Movies

Darfur Now

Responding to Genocide

Movies Features Don Cheadle
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<em>Darfur Now</em>

When the U.S. House passed a resolution to call the atrocities in Darfur by their “rightful name: ‘genocide,’” it marked the ?rst time in history that the United States had officially recognized the extermination of a people while the killing was still happening. Unlike the Nazi concentration camps—the scope of their horrors only made clear after Allied troops moved into Germany—the world knows the immensity of evil that has continued to occur in Sudan’s western province. But what can one individual do in the face of such knowledge?

That question is at the center of Ted Braun’s new documentary, Darfur Now, which follows six individuals responding to the crisis in very different ways, from young-mother-turned-rebel-?ghter Hejewa Adam (whose three-month-old son Nasaraldeen was beaten to death by Janjaweed militias) and Ahmed Mohammed Abakar (head sheikh in one of the refugee camps) to Ecuadorean aid worker Pablo Recalde. “[When I looked at what was happening in Darfur],” says Braun, "what I found shocked me—both the nature and magnitude of the crimes and the world’s indifference. I wanted to make a ?lm that would reach a wide audience, and I thought the best way to look at the con?ict from many points of view, and give people hope, [was to] put them in the shoes of people who could make a difference.”

One of these people is Don Cheadle, who had to look at the reality of genocide head-on while ?lming 2004’s Hotel Rwanda. When the ?lm was screened for a group of government officials, he was asked to join a congressional mission to The Sudan and Chad. “Once I’d seen it with my own eyes,” he says, “it was impossible to come back and do nothing. I came back, took stock, and thought, ‘Where do I have in?uence?’ And then I realized, ‘Oh, I’m an actor.’ I go on red carpets and people ask me questions like what does Brad [Pitt] eat. And I say, ‘anything,’ and then I get to go into my thing.”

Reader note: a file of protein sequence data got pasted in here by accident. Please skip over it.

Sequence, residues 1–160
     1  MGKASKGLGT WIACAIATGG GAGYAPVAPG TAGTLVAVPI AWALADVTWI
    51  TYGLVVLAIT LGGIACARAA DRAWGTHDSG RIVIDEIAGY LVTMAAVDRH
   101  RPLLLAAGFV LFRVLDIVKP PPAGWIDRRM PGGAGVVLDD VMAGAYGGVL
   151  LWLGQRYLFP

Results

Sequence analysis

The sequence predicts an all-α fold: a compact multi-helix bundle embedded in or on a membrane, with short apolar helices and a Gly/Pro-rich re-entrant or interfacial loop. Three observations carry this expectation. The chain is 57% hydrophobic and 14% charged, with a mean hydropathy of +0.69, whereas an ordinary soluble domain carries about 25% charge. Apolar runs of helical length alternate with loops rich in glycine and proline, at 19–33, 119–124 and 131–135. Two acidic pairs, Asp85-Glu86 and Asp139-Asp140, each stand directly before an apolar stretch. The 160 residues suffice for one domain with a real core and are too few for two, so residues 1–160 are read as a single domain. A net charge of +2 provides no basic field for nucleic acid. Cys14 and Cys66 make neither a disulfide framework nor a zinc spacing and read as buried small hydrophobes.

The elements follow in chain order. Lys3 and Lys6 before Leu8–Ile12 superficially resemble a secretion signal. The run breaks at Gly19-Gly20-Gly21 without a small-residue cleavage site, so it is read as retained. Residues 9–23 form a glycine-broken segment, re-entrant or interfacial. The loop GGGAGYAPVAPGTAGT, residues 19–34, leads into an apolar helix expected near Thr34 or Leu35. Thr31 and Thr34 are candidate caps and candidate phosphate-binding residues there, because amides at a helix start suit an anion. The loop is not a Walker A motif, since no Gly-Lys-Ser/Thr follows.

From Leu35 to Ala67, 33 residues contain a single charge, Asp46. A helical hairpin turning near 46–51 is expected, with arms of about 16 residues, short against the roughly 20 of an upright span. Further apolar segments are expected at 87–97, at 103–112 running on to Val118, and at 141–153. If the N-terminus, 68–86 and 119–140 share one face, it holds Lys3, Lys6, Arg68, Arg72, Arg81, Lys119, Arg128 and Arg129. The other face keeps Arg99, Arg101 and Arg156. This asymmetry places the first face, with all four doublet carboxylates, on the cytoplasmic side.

Cheadle has used his celebrity to line up meetings with presidential candidates like Barack Obama, Hillary Clinton and John McCain. The ?lm also follows his travels with George Clooney to China and Turkey to bring up the issue with foreign leaders and open the doors for other advocates for peace. “We can get people in a room,” he says. “Will it make a difference? We don’t have the perspective to measure. But Brad said it best: ‘We can’t get out of the light, and they can’t get in the light. We have to help with that shift.’”

The ?lm also follows Luis Moreno-Ocampo, the Chief Prosecutor for the International Criminal Court, as his office digs through piles of evidence before indicting Ahmad Harun, Sudan’s former interior minister (accused of organizing a massacre of civilians and using the Janjaweed militias to displace more than 2 million people from their villages and into refugee camps). When Moreno-Ocampo watched the ?lm and saw refugees referring to him by name in speeches, to inspire hope, he was taken aback. “This is why we do what we do,” he says. “I was a little surprised, but very happy.”

While not everyone has the platform of a movie star or the role of an international prosecutor, Adam Sterling proves that anyone can make a difference. The 24-year-old UCLA grad founded a grassroots organization to pressure international businesses to divest in The Sudan through legislation. Braun shows Sterling beating the bushes in California until his bill is signed into law by Gov. Arnold Schwarzenegger. He’s now working on duplicating the efforts in other states. “It’s tough to gauge our success when the goal is not disengagement. The goal is to bring peace to Darfur."

And for the Sudanese men and women who criticize the government in the ?lm, Braun says, “There are plans in place to protect them. That said, Harun is now Minister of Humanitarian Affairs [in charge of the refugee camps he ?lled up]. Both Hejewa and Sheik Ahmed … said to me that they were willing to die to have their stories told. That’s something I wasn’t really prepared for when I went there. I’ve dealt with stories all my life, but I’ve never had a story that was truly life and death."

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